Jamestown continued to thrive, but the capital seat of Virginia Colony eventually moved just down the road to Williamsburg. Our first stop was the public library to check in on the internet and post a blog of our previous days. Then, with delightful weather to walk outside and the complete absence of crowds, we opted to walk the streets and browse the public-admittance shops rather than purchase a ticket to tour the historical buildings. Mostly, I was plotting a future trip to celebrate Christmas in Williamsburg – a prominent item on my bucket list!
Here are a smattering of dwellings and sites on the streets of Williamsburg:
A quick drive to the coast will take us to the Outer Banks . . . come back and check it out!
Next stop was the thoroughly fascinating White House of the Confederacy in which Confederate President Jefferson Davis and his family lived from 1861 – 1865. Fully restored and open for tour are 11 rooms of the mansion, containing 65% original furnishings to the Davis family.
Our tour guide was a sincere and fervent southern gentleman, revering Jefferson Davis, the Confederacy, “Old Virginia” and the time-period of the “war between the states.” Although a man of color and vehemently opposed to slavery, he was able to picture Jefferson Davis as a great man leaving a lasting legacy to the United States of America. Our guide’s colorful stories made no apologies for President Davis, and at any time that he had to refer to that “other” President -- it was always as “that man from the State of Illinois”. One person on our tour made the mistake of asking a question about the “civic war,” and was politely corrected with a pointed answer about the “war between the states.”
No better place to begin my vacation blog posts from than the Williamsburg Public Library in Williamsburg, VA! Let me backtrack a bit to the journey that got us here.
Montpelier, the long-time home of James and Dolly Madison is located on a narrow, winding, road in Virginia country-side. Several years ago when we toured Thomas Jefferson’s Monticello (located in the area), Montpelier was in the beginning phases of being renovated and restored. It is still a work in progress, but is now open for tours while research continues. On a weekly basis, new items are being discovered and authenticated and added to the homestead. Just the day before we arrived, silver plate was added to the dining table and only last month authentic period wallpaper and carpet finished the dining room decor. Unfortunately, no pictures were allowed inside the mansion.
The house, where James was born and grew up, went through numerous expansions during his lifetime. At one time it was a duplex being lived in by James and his new bride Dolly on one side, and his parents on the other side. Later, after his two-term stent as President it was transformed into a single family home fit for a past President of the United States of America to entertain guests in!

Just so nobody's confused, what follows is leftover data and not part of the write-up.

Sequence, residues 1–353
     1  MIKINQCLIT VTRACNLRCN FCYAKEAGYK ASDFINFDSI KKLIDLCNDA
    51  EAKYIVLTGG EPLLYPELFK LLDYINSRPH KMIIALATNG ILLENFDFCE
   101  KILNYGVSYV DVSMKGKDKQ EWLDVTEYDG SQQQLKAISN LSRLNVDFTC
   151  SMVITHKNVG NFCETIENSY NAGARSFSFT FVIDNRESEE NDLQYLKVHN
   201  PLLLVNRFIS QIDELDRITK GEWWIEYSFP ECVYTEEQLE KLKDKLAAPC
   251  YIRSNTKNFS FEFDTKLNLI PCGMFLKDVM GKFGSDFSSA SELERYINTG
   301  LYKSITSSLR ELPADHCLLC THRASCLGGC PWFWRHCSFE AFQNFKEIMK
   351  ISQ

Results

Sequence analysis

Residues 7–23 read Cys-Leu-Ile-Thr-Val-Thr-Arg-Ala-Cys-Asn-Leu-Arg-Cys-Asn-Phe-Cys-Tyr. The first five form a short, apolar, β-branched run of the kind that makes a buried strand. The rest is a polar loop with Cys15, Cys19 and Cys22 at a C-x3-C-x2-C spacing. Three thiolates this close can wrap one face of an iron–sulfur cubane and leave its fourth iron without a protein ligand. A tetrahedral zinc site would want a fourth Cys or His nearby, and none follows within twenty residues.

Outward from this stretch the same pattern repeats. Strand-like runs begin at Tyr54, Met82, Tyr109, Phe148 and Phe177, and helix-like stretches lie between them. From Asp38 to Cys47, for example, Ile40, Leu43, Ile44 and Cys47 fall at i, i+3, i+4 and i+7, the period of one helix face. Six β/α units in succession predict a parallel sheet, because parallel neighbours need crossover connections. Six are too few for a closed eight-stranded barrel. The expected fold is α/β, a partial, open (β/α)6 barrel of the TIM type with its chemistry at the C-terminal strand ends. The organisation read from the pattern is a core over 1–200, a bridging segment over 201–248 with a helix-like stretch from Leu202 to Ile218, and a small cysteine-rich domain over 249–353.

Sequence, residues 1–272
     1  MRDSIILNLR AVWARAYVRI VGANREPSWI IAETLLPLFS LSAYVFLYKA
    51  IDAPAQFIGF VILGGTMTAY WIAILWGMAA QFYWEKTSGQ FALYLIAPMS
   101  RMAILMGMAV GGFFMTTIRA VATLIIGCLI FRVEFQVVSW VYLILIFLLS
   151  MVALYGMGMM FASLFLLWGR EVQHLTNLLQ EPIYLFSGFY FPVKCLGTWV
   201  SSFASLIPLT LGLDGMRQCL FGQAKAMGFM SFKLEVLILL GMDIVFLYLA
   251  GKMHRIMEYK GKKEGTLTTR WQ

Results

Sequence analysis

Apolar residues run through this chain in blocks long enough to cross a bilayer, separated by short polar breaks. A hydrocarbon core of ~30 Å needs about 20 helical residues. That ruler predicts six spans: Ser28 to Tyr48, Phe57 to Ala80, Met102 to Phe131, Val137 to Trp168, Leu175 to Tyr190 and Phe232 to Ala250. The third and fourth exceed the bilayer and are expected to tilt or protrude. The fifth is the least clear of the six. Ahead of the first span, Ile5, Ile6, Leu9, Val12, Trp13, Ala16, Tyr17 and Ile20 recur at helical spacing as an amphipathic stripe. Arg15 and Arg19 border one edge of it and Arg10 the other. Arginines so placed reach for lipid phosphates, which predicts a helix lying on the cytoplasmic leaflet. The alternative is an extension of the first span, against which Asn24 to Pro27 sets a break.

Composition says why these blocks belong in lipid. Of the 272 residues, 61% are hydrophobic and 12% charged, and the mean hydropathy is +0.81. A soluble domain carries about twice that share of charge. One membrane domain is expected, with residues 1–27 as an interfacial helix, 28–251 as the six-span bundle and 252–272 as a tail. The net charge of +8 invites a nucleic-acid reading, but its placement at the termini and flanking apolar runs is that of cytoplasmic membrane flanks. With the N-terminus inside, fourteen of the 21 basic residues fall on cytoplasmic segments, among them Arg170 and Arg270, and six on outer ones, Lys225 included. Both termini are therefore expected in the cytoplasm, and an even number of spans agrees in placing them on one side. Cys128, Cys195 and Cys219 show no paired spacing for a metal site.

We’ve been counting it down since we first bought our Airstream 9 months ago
– our first International event, the 3rd Annual Alumapalooza!
When you think of Airstream you might think it starts and stops with the Wally Byam Caravan Club International (WBCCI), but that would be a mistake! There are many other Airstream promoters out there, and Airstream Life magazine sponsors this silver celebration at the Airstream factory in Jackson Center, Oh – just 52 miles from our house!
We were scheduled to help our NOVA club work parking detail, and rushed to set the Silvermine in place in the generator lot, and head down to report for welcome duty. Lou, Larry, and Terry were hard at work directing the steady line of Airstreams to parking positions in the 3 amp lot or the generator lot.
Parking was in high gear all afternoon, and many times when the gator was busy, Tom would hop on a bike to lead new arrivals to a site.
The greeters kept greeting, and those silver rows kept growing.
By Friday there were 177 Airstreams settled in for the weekend events, parking detail was mostly over, and it was our turn to walk around and view the assemblage of Airstreams. Here are some of my favorites:
Every afternoon happy hour kicked off in the main tent, followed by a roving happy hour where different Airstreams displayed a green flag inviting people to travel around and mix and mingle. Our NOVA, the newest WBCCI unit, hosted a well-attended event, passing out drinks, treats, and some NOVA promotional items. Picking up 6 new members and renewing another member is an indication that our NOVA group is filling an important need in the WBCCI market!
A new event for this year was the back-up derby where a driver and assistant navigated a U-Haul trailer through cones and into a parking space, competing for the best time. Some teams showed real backing talent, and some displayed the need for practice!